COVID-19 has impacted every single industry, usually for better or worse. But with real estate, the impact of the pandemic has been both better *and* worse, depending on the area of real estate you’re looking at. In today’s article, my colleague Josh Ostroski brings his deep knowledge of real estate to help us understand how our prospects who work in real estate (or who own well-placed properties) may be impacted now. ~Helen
There has been a lot of talk about real estate trends during the coronavirus pandemic. We have all heard about the urban exodus, housing prices increasing, and people working from home. I wanted to dig a little deeper to see if what we’re hearing is true or merely anecdotal and the reasons why.
The Urban Exodus
We have all heard that families are leaving cities to find more space in the suburbs. As the country was in lockdown, many people began to re-think what was important to them. With restaurants, bars closed, and shops closed, along with food delivery service expanding to more rural areas, there was less of need to be able to walk to amenities. However, according to a recent report by Zillow’s Economic Research team, they found that in most areas of the country “suburban housing markets have not strengthened at a disproportionately rapid pace compared to urban markets.”
There are some outliers, such as the Northeast, where new pending listings in urban zip codes re-accelerating more slowly than in the suburbs. “Some regions saw stronger evidence for a suburban-urban diverging trend than others. For example, in the New York City metro, home values in urban ZIP codes were decelerating in June relative to pre-COVID trends ( -0.2 pp) while suburban ZIP codes were accelerating (0.2 pp).
The same trend holds in Boston with urban home values down 0.5 percentage points and suburban homes values up 1.3 percentage points. However, this deceleration was already a trend (comparing February YoY to January YoY) in the Northeast Region overall, and the New York City metro.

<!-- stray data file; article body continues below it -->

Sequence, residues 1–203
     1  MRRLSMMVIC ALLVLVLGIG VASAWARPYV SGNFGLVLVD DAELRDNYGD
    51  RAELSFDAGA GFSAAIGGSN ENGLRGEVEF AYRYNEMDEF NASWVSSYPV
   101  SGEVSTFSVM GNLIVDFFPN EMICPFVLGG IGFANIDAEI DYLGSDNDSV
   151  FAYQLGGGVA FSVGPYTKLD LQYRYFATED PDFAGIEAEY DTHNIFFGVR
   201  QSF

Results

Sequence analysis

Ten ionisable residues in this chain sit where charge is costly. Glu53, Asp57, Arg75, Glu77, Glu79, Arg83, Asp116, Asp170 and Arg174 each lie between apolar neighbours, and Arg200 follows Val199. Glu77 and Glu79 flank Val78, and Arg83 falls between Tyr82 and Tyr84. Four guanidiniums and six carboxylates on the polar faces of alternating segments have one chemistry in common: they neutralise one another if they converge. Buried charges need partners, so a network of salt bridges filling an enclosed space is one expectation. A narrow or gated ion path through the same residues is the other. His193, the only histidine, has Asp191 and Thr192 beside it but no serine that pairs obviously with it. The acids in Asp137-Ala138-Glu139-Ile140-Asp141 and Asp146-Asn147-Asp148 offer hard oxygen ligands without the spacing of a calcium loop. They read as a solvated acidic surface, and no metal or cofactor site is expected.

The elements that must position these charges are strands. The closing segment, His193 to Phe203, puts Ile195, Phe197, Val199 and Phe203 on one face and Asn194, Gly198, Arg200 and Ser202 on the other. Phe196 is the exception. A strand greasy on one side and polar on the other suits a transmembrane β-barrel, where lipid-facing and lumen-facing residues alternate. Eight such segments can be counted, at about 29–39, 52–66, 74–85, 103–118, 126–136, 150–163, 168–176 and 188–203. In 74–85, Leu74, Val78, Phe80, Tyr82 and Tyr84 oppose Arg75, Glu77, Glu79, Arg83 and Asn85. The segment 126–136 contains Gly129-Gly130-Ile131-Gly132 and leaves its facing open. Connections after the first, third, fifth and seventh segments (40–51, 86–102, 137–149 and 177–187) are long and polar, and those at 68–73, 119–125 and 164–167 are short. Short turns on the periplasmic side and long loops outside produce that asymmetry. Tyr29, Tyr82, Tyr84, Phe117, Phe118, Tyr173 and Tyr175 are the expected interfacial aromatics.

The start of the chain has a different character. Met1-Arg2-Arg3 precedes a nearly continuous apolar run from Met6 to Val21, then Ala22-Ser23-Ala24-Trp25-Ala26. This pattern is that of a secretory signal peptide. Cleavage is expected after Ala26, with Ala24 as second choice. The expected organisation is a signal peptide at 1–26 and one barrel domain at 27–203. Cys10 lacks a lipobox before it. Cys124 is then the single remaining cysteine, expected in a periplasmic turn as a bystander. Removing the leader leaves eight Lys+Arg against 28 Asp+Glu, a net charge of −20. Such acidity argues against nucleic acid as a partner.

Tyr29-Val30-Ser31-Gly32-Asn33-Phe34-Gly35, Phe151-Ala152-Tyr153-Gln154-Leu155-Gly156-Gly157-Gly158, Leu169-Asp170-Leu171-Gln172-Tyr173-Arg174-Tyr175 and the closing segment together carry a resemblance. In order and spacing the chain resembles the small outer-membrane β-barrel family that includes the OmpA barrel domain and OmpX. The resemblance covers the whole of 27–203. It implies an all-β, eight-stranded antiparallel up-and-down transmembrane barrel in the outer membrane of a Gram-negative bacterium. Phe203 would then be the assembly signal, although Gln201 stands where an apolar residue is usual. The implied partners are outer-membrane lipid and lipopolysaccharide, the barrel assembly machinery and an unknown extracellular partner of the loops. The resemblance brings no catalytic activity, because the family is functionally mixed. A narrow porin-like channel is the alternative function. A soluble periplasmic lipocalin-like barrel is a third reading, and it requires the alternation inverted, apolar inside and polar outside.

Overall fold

Conversely, the Chicago metro area experienced the exact opposite trend with growth, decelerating in suburban areas while urban areas accelerated. And areas like Philadelphia and Miami saw accelerated growth in both regions, but more so in urban ZIP Codes.”
San Francisco is seeing a trend to becoming a buyers’ market, as inventory and days on market are up. According to Zillow’s report, “in San Francisco, list prices have fallen 4.9% year over year and inventory has risen 96% with a flood of new listings. Higher levels of inventory, up 96% year-over-year following a flood of new listings during the pandemic, are sitting on the market in the city proper, a significantly larger jump than the surrounding suburbs. In San Francisco, though, the softening is clear as sellers flood the market with their listings and buyers have not changed their pace to match.”
The markets where the largest share of renters in the center city would gain the power to buy if they looked outside city limits are San Francisco, Seattle, Washington, D.C., and Boston.
Check Out These Market Trends
Zillow: 12 mid-sized markets to watch
Realtor.com: Hottest Zip Codes
Insurify: Cities with the greatest pandemic real estate booms
Housing Price Increases
Normally in an economic crisis, housing prices drop. However, in this pandemic, prices in many locations have increased. Part of the reason is the drop in demand was matched with a drop in supply at the same time, protecting prices. Then when people began to look to move, the lack of supply has created a seller’s market, increasing prices.
Historically Low Interest Rates
Interest rates are still at an all-time low, so buying a home is more affordable. There has also been an increase in homeowners refinancing, putting themselves in a better economic situation.
During the housing crisis of 2008, the use of subprime mortgages and lenient qualifications caused homeowners that were not really qualified to purchase homes out of their price range. When prices plummeted, they owed more than the house was worth (became “upside-down” or “under water” on their mortgages). Since then, the government and mortgage lenders have become much stricter in their lending qualifications. That means more homeowners are qualified now. According to CoreLogic, lenders have tightened credit requirements or increased payment requirements, making riskier loans less common. This helps to protect homeowners in a down market.
Home Wealth Gains
According to the Federal Reserve, housing wealth is a major component of total household wealth in the United States. According to the National Association of Realtors, “as of 2018, a homeowner who purchased a typical existing home five years ago (2013) gained $79,488 in wealth (equity), of which $64,200, or 81 percent was from the home price appreciation ($197,400 in 2013 to $261,600 in 2018).”
Home equity is at an all-time high in the U.S., which has not only helped weather the economic downturn, but has allowed homeowners to use that equity to their advantage by having flexibility to be able to sell their home for something that works better for them, like investing in another property (which can generate rental income), home renovation (which further increases the home value), a child’s college education, emergency or major life events, or expenses in retirement. National Association of Realtors has calculated equity reports on 181 metropolitan areas.